I must be an evangelical

Mark Noll’s The Rise of Evangelicalism argues that there have been a consistent pattern of convictions that mark the evangelical impulse that arose in the Reformation. Noll says David Bebbington lists four ingredients of evangelicalism:

Conversion – the belief that lives need to be changed.

That is “lives” need to be changed, not minds. Conversionism is not about getting me to believe something differently. It is about getting me to live differently. There is absolutely nothing radical about that for the heirs of John Wesley.

Biblical priority – the belief that the Bible contains all spiritual truth.

Hmmm. Well, the Book of Discipline in that little section that can’t be amended says the Bible contains all that is necessary for salvation and is a true guide to faith and practice. 

Activism – dedication of all believers to lives of service for God, especially the spreading of the good news and the carrying of the gospel to those who have not heard it.

John Wesley. Those guys who gave the name to Cokesbury bookstore. Methodist missionaries. I gather mission is more controversial these days – even as the places we used to send missionaries to are talking about sending missionaries back to us. But how can anyone dispute the idea of discipleship? Certainly, we Methodists can’t. We are all about “Making disciples for the transformation of the world,” or so the General Conference said.

Crucicentrism – Christ’s death was the crucial matter in providing atonement for sin.

I picked up an article by Brian McLaren the other day, so I’m beginning to understand that there is a notion out there that sin is not considered such a big deal or that there is something called “Creation theology” that finds thinking about sin “missing the point.” So, I gather, there is a range of feeling on this issue.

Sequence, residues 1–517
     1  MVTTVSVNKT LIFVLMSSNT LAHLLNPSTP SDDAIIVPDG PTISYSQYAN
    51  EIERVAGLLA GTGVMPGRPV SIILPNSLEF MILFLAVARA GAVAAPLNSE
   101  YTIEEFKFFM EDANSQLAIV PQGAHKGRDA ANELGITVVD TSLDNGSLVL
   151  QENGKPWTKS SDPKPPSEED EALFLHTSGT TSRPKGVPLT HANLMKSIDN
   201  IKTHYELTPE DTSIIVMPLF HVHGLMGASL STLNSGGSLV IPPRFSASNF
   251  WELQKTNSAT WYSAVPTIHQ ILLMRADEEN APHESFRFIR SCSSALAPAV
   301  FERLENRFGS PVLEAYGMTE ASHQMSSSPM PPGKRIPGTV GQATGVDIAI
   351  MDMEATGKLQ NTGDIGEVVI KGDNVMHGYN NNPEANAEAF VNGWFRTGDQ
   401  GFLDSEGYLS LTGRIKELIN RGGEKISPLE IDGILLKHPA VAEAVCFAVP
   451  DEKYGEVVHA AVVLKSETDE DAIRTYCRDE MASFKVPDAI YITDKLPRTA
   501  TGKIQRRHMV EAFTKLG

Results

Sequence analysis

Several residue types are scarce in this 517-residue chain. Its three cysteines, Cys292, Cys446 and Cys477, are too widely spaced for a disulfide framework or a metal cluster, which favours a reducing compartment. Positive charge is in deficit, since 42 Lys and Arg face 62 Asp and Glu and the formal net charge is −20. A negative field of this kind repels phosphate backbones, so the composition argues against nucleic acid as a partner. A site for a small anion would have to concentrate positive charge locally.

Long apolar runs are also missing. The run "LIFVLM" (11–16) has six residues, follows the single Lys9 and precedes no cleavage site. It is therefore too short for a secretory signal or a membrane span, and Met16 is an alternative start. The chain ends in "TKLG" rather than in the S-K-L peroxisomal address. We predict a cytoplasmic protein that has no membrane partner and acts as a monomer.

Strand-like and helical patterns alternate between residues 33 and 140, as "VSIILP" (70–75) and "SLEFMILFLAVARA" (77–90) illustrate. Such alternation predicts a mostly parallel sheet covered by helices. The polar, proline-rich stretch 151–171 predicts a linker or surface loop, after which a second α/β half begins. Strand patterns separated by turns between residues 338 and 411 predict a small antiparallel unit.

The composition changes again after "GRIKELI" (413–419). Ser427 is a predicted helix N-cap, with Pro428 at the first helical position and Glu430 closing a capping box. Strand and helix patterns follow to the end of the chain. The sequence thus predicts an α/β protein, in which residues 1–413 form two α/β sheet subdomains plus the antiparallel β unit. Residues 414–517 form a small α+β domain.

I can’t see how you do Wesleyan faith without a robust since of sin – and therefore the need for a Savior to open the way for healing and removal of its effects. 

So, I guess I’m four for four. That makes me an evangelical.

2 thoughts on “I must be an evangelical

  1. It was a piece he wrote in the front of something called “The Green Bible,” which is an NRSV with a bunch of essays in front that looks through an environmental lens. The Bible has “green words” throughout the text that are highlighted.

    McLaren’s essay speaks of several changes in the church in response to the culture, including a change from what he refers to an older emphasis on sin and fall. He said there is new movement in Creation theology that looks to God’s creation not as fallen but as good. Out of God’s ongoing act of creation, the world is made whole.

    I read the essay while standing in a bookstore aisle. I don’t need another NRSV at the moment. So, my summary is what I recall. But I have heard other comments about this “Creation theology” approach from other sources.

Comments are closed.